If you install the tread first and then put in the riser, the riser will add stability to the tread by holding down the back of the tread; then it isn't just all on the nails and glue. This could theoretically matter if you had two adults step on the front of the same stair at the same time, especially if they are running down the stairs. Having the riser go first would make it so there is nothing at the back of the tread helping hold it down, and with enough force, physics states that the stair tread could basically "see-saw" on the top of the edge below it and the entire stair could come up.
Now, this shouldn't probably happen if enough nails and glue are used, but...
I'd rather make the weakest point be the actual nose of the tread (the nose would break off) rather than risk the entire stair coming up. At some point, no matter how well you install the stair, if you put enough weight on the front edge of the nose, something is going to give out. What you have to decide is what should give? Putting the riser on top of the tread at the back of the tread would probably make it so that rather than the whole tread flipping up, some part of the tread (presumably the nose) would simple break off instead. I guess it's kind of 6 of one, half dozen of the other at that point though, because either way you have a broken stair. The real question, to which I have no answer, is which design can hold more weight before it gives out. My gut says that putting the riser over the stair would hold more weight.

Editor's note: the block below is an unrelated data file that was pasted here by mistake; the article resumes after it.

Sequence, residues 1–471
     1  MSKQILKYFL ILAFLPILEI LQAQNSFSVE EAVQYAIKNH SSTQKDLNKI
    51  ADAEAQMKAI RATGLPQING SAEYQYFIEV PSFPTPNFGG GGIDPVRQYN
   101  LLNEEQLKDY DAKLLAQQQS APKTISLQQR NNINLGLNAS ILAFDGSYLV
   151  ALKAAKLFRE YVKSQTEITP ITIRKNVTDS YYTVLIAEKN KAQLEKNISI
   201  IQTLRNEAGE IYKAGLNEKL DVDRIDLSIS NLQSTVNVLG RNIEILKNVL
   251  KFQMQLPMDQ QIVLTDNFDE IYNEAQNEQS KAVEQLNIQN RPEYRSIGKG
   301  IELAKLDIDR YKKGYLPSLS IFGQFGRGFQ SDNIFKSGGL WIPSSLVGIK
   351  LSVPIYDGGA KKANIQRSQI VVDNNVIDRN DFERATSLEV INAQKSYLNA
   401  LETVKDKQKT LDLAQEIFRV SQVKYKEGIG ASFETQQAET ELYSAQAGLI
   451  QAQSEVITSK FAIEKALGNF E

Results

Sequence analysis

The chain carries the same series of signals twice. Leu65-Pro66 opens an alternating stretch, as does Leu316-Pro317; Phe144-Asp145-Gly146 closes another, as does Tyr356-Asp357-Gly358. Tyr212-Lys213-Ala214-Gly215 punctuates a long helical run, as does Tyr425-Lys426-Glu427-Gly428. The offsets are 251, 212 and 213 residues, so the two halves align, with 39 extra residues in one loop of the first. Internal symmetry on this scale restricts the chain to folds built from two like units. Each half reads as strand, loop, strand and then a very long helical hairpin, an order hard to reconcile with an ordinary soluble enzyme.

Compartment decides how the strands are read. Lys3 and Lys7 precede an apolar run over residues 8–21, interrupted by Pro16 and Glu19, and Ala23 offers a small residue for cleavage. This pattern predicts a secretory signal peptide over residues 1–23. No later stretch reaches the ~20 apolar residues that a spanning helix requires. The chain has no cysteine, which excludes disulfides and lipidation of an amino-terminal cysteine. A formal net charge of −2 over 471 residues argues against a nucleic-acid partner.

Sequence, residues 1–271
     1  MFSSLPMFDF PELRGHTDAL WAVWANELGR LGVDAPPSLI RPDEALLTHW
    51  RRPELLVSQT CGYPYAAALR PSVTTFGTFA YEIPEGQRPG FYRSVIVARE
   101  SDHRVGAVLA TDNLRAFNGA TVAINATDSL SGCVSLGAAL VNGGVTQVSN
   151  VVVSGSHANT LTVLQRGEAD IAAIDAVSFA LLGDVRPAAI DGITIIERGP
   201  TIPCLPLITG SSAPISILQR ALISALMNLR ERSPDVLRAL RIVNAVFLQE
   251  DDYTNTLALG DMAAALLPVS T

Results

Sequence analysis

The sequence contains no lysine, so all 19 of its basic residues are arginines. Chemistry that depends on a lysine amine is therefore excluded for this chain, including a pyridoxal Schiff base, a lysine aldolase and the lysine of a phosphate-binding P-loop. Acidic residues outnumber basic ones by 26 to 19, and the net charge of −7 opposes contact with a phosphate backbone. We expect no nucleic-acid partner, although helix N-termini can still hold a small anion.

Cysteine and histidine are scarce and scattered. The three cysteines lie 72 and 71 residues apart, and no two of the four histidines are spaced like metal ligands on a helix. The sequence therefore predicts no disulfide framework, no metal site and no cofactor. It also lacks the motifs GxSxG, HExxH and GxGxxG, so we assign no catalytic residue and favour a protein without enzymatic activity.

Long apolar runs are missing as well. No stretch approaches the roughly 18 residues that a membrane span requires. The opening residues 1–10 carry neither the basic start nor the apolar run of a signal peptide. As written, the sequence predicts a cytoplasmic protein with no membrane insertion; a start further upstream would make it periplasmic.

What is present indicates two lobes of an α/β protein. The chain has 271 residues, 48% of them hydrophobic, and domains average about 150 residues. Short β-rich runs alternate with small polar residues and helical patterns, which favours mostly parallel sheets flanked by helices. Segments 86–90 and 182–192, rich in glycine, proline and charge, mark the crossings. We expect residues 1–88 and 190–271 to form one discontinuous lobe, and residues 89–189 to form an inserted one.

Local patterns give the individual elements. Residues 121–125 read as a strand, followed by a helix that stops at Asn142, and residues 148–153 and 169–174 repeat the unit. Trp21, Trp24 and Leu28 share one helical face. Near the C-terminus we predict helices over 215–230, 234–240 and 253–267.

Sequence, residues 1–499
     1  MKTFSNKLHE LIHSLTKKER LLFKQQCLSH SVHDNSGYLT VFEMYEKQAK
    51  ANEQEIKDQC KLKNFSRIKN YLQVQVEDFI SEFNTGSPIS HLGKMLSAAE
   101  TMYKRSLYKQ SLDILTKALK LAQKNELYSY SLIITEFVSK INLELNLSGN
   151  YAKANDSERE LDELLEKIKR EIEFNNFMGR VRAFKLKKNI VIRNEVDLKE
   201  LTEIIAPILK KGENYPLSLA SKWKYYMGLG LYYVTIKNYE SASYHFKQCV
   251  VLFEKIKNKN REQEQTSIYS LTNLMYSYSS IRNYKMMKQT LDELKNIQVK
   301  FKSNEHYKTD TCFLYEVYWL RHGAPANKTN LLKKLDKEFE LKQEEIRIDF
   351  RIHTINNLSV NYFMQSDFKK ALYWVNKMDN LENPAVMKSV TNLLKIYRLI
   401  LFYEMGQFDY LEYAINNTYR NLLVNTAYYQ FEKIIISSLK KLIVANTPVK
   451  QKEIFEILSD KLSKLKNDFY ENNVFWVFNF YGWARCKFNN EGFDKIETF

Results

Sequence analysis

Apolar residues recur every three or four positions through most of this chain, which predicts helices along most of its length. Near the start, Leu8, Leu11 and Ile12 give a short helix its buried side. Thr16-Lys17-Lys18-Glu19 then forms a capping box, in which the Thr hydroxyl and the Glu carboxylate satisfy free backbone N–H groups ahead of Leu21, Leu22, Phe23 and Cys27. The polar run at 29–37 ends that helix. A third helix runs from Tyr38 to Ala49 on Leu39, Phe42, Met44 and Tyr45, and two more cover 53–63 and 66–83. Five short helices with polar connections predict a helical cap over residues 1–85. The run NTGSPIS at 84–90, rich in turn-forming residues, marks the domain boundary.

I've also seen people cut the back of the tread and the bottom of the riser at an angle so that the angles are flush with each other (the riser is still on top of the tread, but, the tread extends to the back of the riser). They made the statement that this gives a nicer looking joint/seam. That seems like the best of all worlds to me.